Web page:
I’d bet that Neandertal tribes had a common year-reckoning scheme. How widely each scheme was shared is a matter of speculation.
I disagree. It is, of course, true that there are questions to which there is no answer. This is, however, not one of them. If we rephrase the question to something like “What was the first year in human history in which the probability that an average, uneducated farmer in the field or ordinary peasant laborer would immediately know the present year under the predominant calendar exceeded 50 %?”, then we can see that there is an objective answer to this question. We might not know the answer, but that does not mean there is none, nor does it mean the question is silly. I think that it is, in fact, a perfectly legitimate question, and even though we don’t know the answer, we can still make educated guesses.
I read there was a major panic in the Christian world as the year 1,000AD approached. A lot of people thought this nice round number meant the end of the world. (We now know that Y2K was the apocalypse).
So for the first widespread knowledge of the year number, that might qualify.
The other option was the widespread Roman empire, which IIRC numbered their years from the alleged founding of the city, so probably everyone in the empire was aware of a specific year - which was a substantial portion of the Mediterranean civilized world.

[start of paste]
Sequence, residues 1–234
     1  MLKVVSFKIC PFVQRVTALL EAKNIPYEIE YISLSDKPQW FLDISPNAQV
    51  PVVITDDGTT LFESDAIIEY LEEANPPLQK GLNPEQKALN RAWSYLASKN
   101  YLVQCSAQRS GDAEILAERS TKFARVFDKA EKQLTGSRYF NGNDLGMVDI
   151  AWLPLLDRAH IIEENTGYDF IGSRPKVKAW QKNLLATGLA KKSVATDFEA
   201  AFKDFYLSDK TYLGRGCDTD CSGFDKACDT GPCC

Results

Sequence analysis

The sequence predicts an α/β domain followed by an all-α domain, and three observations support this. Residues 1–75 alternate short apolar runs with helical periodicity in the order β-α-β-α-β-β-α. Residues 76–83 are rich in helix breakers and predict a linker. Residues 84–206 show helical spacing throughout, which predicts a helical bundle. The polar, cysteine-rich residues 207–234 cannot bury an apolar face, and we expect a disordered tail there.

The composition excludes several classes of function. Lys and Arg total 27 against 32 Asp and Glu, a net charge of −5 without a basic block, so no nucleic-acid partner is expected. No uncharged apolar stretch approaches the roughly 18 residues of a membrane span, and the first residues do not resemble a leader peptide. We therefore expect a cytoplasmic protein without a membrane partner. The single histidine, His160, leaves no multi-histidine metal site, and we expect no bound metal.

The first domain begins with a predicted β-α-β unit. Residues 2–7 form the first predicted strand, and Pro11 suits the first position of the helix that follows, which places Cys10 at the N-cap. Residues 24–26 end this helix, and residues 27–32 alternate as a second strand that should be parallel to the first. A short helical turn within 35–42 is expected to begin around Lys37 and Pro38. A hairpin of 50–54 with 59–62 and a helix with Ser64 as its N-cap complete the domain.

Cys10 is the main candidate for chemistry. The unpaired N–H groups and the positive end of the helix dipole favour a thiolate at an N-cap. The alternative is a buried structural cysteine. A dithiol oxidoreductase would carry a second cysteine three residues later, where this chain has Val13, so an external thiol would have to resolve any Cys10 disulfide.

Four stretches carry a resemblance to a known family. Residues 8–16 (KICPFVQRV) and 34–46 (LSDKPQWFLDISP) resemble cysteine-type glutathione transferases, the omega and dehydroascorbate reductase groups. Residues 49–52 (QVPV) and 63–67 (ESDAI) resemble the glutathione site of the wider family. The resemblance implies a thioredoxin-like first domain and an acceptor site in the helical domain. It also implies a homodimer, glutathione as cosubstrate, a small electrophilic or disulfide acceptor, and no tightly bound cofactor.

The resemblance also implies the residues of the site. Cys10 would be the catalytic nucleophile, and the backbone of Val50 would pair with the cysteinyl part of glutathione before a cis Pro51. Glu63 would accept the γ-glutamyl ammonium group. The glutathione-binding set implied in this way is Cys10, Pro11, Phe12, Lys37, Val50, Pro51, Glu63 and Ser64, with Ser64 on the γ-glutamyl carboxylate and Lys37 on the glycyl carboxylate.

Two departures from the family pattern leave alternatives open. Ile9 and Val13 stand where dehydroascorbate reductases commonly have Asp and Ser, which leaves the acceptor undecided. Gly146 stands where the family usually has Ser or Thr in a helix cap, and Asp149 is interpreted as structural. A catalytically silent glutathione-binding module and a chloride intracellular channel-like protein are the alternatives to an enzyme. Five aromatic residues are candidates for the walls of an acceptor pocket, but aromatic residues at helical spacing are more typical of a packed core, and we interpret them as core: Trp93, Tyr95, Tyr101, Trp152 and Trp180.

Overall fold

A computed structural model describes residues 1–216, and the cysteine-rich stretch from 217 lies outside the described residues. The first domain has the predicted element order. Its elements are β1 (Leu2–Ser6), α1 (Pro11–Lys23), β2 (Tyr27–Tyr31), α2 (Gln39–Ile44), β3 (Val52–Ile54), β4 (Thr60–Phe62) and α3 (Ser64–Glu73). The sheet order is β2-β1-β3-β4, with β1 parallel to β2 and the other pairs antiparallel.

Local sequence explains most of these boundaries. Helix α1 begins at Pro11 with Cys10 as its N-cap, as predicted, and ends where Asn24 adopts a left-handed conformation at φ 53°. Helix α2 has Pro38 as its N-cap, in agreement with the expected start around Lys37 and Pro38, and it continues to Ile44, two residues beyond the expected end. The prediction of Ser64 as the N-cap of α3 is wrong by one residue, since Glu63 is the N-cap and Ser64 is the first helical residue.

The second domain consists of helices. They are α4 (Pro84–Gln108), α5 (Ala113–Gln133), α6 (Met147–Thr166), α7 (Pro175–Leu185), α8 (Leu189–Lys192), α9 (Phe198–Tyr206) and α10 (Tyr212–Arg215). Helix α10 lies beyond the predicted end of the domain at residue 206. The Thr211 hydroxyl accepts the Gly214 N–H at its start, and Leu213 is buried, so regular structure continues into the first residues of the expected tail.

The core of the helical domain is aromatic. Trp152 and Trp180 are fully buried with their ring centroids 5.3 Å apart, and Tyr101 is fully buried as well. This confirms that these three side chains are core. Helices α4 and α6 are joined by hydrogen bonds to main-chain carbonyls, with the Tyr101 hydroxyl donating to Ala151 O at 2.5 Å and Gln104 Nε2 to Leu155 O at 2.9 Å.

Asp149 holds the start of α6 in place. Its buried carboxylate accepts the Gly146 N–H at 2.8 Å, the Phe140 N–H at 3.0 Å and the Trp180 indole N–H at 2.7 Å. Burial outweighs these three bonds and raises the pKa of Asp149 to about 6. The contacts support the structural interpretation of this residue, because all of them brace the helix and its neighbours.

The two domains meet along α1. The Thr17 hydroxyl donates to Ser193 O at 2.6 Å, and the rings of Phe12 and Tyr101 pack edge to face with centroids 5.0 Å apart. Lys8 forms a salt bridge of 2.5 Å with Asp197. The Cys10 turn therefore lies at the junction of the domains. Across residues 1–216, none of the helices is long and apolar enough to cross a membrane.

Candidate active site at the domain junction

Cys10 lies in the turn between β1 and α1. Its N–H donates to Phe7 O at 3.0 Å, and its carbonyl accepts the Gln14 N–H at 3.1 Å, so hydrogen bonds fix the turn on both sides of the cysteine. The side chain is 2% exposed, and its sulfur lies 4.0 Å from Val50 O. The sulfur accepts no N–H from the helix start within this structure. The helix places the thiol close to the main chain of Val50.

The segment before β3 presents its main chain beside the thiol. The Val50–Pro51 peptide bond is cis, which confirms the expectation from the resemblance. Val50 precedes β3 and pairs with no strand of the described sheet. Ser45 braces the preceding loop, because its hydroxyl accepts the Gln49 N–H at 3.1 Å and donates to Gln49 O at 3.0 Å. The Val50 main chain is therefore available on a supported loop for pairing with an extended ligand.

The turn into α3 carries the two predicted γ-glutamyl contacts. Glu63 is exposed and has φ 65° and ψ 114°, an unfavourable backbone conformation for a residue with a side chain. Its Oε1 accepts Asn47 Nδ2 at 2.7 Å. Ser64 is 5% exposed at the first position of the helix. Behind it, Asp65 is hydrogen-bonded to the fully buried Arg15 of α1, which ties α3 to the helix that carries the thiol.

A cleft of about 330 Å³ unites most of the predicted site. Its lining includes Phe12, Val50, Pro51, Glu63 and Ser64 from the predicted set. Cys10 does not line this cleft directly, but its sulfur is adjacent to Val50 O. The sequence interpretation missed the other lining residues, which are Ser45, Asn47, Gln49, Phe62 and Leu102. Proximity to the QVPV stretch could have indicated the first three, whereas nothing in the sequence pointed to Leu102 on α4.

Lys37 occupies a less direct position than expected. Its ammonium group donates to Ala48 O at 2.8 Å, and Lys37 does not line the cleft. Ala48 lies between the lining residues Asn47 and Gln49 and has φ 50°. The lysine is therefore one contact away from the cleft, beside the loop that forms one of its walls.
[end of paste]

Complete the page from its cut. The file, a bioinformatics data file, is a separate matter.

How deeply either permeated to rural peasants, etc., who knows? But certainly anyone doing business or living in a city in the Roman empire probably knew, just as any clergy or others with a smattering of education knew the Anno Domini.
Rome used two different numbering systems in classical times. The official one (in the sense that it was used in government documents) was based on the two consuls. During the Republic, there were always two consuls as highest-ranking government officials, elected for a year, so the official calendar system refers to years as “during the consulate of X and Y”. This system is well documented, and we have consulate lists for pretty much every year, making the conversion into our calendar feasible. In fact, the prestige of the consuls was so high that the system was used even well into the Empire, when the consulate was more of a nominal nature and actual power was in the hands of the emperor, who did usually not hold the office of consul.
The other numbering system, which appeals more to us because it is more similar to what we are used, is the ab urbe condita system you refer to. It is based on the legendary founding of the city of Rome in 753 BC. This system was not official, however, and it is less “classical” than the consulate-based system, since it was introduced much later.